In 2019, Egypt’s economy was ranked 40th in the world in gross domestic product (GDP). The country’s economy is dependent on the export of crude petroleum, refined petroleum, gold, natural gas, fertilizers, clothing, fruits, and vegetables.
In 2016, Egypt signed the Paris Climate Agreement, committing to “high CO2 mitigation levels” by phasing out energy subsidies by 2021. Egypt also committed to the development of new zero-carbon emission power plants.
In 2019, the state-owned electric company, Egyptian Electric Holding Company (EEHC) used natural gas (54.6%), oil (38.7%), renewable energy (4.6%), and coal (2.1%) to generate electricity in the country. Hydropower, biomass, and solar are the primary sources of renewable energy in Egypt.
In 2020, the Egyptian government announced the 2035 Integrated Sustainable Energy Strategy, which emphasizes the importance of renewable energy. The government’s goal is to increase the supply of electricity from renewable sources to 20% by 2022 and 42% by 2035.
Recent utility scale, renewable energy projects in Egypt include:
- 50 MW Solar Project – In April 2021, German solar company, Belectric commenced work on a solar project in the town of Zaafarana, located approximately 100 miles southeast of the capital, Cairo. The project is forecast to be commissioned in 2022.
- 200 MW Solar Project – Saudi Arabian company, Acwa Power is continuing work on the Kom Ombo solar photovoltaic power plant, located approximately 325 miles south of Cairo. The project is scheduled to be commissioned in Q-3 2021.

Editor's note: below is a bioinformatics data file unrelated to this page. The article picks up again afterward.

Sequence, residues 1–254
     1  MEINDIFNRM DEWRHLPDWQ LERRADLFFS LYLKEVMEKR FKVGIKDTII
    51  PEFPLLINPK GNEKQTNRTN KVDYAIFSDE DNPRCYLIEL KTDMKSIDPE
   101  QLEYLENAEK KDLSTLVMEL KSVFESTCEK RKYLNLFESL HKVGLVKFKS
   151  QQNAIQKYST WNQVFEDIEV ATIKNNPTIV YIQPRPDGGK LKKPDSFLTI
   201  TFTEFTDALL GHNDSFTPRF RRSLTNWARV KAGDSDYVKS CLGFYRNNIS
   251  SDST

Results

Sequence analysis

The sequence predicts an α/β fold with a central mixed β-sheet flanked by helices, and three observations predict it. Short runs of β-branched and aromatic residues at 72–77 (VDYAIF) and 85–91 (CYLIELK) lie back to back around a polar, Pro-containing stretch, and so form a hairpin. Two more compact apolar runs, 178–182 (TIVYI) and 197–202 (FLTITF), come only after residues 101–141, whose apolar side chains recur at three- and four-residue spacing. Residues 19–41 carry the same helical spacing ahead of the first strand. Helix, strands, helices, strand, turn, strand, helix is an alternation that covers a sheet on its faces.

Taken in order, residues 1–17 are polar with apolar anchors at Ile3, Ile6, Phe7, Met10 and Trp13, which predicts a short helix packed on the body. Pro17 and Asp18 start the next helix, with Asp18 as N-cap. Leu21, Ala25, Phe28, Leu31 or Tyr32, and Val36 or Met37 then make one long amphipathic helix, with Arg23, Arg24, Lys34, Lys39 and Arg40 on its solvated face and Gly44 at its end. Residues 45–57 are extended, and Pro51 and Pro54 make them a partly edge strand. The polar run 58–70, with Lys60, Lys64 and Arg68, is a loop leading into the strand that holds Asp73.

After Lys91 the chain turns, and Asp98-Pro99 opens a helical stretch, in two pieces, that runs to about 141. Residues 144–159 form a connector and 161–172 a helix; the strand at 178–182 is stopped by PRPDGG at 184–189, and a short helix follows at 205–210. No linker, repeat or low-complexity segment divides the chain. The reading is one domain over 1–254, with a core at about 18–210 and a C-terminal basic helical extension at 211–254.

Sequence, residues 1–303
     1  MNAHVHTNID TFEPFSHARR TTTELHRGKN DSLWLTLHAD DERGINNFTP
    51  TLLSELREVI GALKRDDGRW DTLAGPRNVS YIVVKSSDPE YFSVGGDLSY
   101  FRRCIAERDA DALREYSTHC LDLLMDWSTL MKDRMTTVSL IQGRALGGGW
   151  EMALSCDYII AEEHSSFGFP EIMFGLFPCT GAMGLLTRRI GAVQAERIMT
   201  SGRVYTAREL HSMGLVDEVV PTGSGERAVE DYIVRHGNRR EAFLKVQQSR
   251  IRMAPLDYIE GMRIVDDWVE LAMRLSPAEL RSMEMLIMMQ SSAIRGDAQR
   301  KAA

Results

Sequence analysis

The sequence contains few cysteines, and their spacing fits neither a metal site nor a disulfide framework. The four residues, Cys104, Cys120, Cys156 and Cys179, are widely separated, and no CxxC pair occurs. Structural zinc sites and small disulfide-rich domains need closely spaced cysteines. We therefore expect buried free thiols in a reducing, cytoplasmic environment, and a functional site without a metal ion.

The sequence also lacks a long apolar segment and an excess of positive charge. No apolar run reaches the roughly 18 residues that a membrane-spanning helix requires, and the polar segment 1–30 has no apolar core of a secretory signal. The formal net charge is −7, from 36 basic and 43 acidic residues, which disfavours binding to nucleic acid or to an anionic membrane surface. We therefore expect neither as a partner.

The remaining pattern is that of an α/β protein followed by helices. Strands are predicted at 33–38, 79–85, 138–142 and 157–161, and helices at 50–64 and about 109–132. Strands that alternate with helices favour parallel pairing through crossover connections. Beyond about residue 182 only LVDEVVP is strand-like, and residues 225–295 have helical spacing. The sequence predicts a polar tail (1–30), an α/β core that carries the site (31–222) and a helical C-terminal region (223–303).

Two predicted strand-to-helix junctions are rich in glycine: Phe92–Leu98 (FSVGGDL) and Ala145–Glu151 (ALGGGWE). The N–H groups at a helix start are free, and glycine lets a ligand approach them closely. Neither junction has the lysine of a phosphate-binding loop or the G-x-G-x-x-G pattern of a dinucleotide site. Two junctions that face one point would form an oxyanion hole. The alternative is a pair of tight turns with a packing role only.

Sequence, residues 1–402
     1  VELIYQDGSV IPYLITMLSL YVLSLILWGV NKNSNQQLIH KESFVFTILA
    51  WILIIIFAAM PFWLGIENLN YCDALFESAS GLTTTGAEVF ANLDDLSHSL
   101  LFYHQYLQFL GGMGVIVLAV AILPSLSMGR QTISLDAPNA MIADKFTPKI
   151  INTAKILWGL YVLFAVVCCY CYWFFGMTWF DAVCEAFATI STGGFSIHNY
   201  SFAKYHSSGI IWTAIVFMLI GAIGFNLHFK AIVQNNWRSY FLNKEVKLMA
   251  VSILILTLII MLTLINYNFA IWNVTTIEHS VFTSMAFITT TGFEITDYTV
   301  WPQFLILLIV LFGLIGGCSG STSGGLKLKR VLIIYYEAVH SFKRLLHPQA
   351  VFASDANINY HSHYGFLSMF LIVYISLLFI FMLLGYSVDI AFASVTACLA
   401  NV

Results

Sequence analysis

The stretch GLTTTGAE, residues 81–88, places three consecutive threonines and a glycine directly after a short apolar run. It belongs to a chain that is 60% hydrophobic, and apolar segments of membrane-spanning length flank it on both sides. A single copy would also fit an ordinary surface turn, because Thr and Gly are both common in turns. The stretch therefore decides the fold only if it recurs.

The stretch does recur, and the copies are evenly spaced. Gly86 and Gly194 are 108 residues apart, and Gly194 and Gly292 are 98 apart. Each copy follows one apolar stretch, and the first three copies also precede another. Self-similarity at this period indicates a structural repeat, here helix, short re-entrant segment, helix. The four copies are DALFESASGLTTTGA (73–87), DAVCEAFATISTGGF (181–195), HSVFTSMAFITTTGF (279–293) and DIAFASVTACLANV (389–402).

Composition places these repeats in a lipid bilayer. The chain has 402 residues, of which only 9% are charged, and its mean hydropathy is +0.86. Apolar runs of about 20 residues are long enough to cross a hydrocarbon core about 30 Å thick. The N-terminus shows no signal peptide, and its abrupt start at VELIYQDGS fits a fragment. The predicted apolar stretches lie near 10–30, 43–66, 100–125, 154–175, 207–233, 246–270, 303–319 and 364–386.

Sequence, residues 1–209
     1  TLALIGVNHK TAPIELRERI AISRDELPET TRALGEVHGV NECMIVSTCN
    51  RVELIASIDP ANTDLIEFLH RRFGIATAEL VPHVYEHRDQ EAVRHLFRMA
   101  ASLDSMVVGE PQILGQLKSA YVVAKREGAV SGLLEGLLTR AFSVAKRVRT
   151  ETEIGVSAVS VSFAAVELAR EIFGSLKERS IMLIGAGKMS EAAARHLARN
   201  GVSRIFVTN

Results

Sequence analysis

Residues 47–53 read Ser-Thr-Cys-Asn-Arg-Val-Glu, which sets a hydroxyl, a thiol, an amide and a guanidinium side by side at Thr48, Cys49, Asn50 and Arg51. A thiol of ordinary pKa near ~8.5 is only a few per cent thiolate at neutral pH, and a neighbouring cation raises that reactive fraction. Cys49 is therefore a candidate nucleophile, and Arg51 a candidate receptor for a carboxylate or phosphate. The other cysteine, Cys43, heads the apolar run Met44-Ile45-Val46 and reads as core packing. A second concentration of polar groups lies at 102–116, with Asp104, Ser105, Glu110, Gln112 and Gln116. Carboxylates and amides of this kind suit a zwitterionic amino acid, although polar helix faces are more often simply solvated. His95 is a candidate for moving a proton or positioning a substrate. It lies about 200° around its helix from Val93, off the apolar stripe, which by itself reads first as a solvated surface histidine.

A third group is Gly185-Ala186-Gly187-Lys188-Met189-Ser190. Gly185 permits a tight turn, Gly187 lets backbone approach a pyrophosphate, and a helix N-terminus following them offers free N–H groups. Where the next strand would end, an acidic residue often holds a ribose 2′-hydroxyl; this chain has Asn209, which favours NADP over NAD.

- 250 MW Wind Project – Dutch renewable energy company, Lekela Power is continuing work on the West Bakr wind farm, located approximately 150 miles southeast of Cairo. The project is scheduled to be commissioned by year-end 2021.
- 252 MW Wind Project – Danish wind turbine company, Vestas is continuing work on the Gulf of Suez 1 wind project, located approximately 150 miles southeast of Cairo. The project is scheduled to be commissioned in 2023.
- 500 MW Wind Project – German multinational, Siemens AG is continuing work on the Red Sea Wind Energy Project, located in the Gulf of Suez, governorate of the Red Sea.
Why is Egypt suddenly developing major wind and solar projects? Economics pure and simple. The export of oil and natural gas is a major source of revenue for Egypt.
Egypt has significant renewable energy resources, including solar, wind, hydropower, geothermal, and biomass. The country’s renewable energy resources can easily meet the country’s current and future power requirements. The Egyptian government’s goal is to use renewable energy for domestic power, while preserving oil and natural gas for foreign export.
Website – “Our Energy Conundrum”
 Egypt – The World Bank Group
 Gross Domestic Product 2019 – World Bank DataBank
 Carbon Brief “Paris 2015: Tracking Country Climate Pledges”
 BP Statistical Review of World Energy – Egypt